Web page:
Love Makes a (Manic) Family

By Lavender May 9, 2008

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A local University GLBT center, university media center, and photographer collaborated to create a regional model of Love Makes a Family, using the same approach of positive images and first-person accounts to relay the stories of GLBT people and our families.At the opening reception, I stand in front of our family photograph, depicting Mona’s angelic face snuggled into my chest, her arms wrapped around me, her eyes sublime and blissful. Jack leans into Mona, my hand caresses his shoulder, our heads gently tilt—a queer representation of Michelangelo’s Holy Family.

No one suspects that only moments earlier, I contemplated dragging our daughter from the shower, and tying her to the top of our car, so we’d be on time. Nor would anyone suspect from viewing our tranquil images just how manic our life can be.

For example, the following morning begins with Mona taking the usual inordinate amount of time in the bathroom and in her bedroom getting ready for school. She suddenly remembers that it’s a dress-down day (meaning kids can wear sneakers, jeans, and shirts with writing), so, of course, she has to get undressed and redressed. At 11 years old, she has gone from not caring if she wears clothes to their completely defining who she is.

Now, Mona is running even later than usual. I notice that her skin is a bit ashy, and ask, “Lotion?” “No!” she mumbles. I pump a few drops into her hands, which are flailing to match her mood, and the school bus pulls up. She can’t turn the doorknob, because her hands are slippery. In the hysteria—I don’t remember which of us finally opened the door—one of our dogs runs out of the house, almost under the front wheels of the bus. I chase the dog, screaming “Gertrude!” at a big yellow bus. Fortunately, Gertrude (the dog, not the bus) runs back into our house, and Mona is off to school.

Next, Jack leaves for his biweekly blood test before work to make sure that his interferon treatments are not damaging his liver. Last fall, he was diagnosed with melanoma, and is undergoing a year of interferon treatments. It’s amazing what becomes routine.

After Mona comes home from school, and has a snack, I drive her to piano, then pick her up again, drive home, and start supper, so she can eat before she goes to dance. Mona is doing her homework when Jack comes home.

My 96-year-old mother is sitting in her bedroom—which, until she moved in, was our dining room—listening to one of her favorite Julia Roberts movies. My mother’s hearing aid doesn’t work well, so whatever videos she watches, we all listen to. Roberts, as a brassy lawyer presenting substantial physical cleavage, yells something about the numerous blowjobs she has given, and I charge into my mother’s room. Annoyed, my mother protests, “But it’s a true story.” I walk back to the kitchen, smack myself in the head, and moralize to no one in particular, “Oh, it’s a true story, so that makes it OK for Mona to hear someone screaming about fellatio coming from her grandmother’s bedroom.”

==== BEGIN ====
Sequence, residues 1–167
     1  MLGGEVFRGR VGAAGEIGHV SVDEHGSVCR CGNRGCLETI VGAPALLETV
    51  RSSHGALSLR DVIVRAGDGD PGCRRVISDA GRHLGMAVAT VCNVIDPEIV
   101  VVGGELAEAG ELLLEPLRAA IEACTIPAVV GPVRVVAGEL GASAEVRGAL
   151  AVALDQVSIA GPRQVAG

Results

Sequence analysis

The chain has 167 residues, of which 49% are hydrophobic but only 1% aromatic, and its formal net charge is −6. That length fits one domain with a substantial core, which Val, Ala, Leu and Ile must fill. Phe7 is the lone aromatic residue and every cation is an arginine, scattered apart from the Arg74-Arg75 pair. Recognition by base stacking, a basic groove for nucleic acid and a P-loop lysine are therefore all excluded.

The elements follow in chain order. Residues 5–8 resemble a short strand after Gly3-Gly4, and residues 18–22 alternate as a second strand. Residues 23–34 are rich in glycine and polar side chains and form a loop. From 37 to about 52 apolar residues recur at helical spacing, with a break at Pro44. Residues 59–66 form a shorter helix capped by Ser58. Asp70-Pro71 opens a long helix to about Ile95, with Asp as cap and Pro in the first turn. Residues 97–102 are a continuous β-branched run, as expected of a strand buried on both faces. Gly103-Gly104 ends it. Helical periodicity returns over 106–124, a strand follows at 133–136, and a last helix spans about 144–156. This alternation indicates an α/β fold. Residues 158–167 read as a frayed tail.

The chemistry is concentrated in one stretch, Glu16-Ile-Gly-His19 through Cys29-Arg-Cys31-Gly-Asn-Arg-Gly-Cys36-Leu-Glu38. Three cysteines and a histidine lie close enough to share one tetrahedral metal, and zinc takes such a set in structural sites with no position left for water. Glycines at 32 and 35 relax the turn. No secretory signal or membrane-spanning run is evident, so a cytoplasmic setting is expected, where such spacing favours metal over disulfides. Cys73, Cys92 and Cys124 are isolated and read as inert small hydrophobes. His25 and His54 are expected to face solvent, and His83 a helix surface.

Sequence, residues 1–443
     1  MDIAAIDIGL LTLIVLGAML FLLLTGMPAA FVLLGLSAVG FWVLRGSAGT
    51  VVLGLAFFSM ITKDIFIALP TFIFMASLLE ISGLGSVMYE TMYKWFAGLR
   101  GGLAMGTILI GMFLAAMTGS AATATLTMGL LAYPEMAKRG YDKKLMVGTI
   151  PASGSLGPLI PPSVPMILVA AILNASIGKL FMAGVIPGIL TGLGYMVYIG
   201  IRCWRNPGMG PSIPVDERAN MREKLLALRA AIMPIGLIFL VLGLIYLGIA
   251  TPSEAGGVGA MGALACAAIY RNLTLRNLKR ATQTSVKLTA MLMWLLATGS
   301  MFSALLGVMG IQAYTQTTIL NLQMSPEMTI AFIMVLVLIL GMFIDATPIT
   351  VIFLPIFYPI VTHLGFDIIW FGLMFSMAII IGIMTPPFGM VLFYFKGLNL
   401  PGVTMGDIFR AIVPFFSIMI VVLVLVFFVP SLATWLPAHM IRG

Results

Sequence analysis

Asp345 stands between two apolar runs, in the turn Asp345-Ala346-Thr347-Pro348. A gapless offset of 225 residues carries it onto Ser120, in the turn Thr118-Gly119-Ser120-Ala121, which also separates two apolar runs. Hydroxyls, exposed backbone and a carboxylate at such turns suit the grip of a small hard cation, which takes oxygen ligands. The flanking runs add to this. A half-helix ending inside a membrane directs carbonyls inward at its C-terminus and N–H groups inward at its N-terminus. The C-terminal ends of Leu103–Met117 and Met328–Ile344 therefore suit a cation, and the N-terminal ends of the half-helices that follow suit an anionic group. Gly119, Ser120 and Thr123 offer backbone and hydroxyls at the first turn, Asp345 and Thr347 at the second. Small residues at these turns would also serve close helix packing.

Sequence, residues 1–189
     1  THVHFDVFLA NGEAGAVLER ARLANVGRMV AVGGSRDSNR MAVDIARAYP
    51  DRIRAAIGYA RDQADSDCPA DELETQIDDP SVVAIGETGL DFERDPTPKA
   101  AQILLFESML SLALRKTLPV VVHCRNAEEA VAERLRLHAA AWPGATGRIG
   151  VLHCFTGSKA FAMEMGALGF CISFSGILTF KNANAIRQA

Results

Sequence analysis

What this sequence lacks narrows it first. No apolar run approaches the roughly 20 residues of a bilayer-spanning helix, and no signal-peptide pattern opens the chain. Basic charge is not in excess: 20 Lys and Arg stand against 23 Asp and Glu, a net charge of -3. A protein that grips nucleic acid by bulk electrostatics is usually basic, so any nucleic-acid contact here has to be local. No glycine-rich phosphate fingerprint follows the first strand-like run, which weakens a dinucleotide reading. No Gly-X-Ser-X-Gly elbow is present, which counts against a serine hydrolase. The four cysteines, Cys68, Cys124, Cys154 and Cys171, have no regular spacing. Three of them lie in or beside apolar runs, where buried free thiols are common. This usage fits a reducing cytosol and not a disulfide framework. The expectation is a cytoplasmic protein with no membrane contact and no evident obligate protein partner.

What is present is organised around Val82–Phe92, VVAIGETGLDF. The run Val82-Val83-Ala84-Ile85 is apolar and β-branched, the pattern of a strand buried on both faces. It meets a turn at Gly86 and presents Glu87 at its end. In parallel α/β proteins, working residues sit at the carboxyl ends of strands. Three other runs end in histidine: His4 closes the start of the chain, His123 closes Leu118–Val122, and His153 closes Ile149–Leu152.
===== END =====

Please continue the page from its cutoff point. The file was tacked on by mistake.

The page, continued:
Jack sits in the living room, reading the newspaper. I feel like I’m living in a Mad Magazine cartoon. It dawns on me that, assuming she even could hear Roberts’s rants, my mother may not know what the word means. I think of Steve Martin in his movie The Jerk, when he announces to his family he finally found work, explaining that some girl has promised she’d give him a blowjob. I also recall nostalgically a Ruth Gordon movie, Where’s Papa, when her overstressed son nails her bedroom door shut.

Later, while I wait for Mona at her dance studio, I get a call on my cell phone: One of my godsons has been arrested. I first met him 20 years ago through the AIDS Task Force when I was his Buddy—he was a year old then. This isn’t the first time he has been arrested. But lately, he has been turning his life around, and this arrest appears to be for an old charge that somehow got lost in bureaucracy.

Back home, after saying prayers with Mona, and tucking her in bed, I explain that I have to go bail (we’ll call him) Buddy out of jail. I leave Jack sleeping off his interferon funk, our two dogs curled up next to him, and my mother sitting in the living room reading—probably pornography.

I jump in the car, and head downtown to the prison, where I fill out papers, and hand over my charge card. I listen to a young mother smack her toddler, and tell him to “Sit the fuck down!”

My thoughts drift back to my family’s serene photograph at the GLBT family exhibit. I wonder how many years I can get for false advertising.

Vince Sgambati is a retired teacher whose writing will appear in two forthcoming anthologies published by Haworth Press: Donors and Dads: True Stories of Gay Men and Fatherhood and Queer and Catholic. He lives with his partner of 30 years, Jack; their 10-year-old daughter, Mona; and several furry friends.

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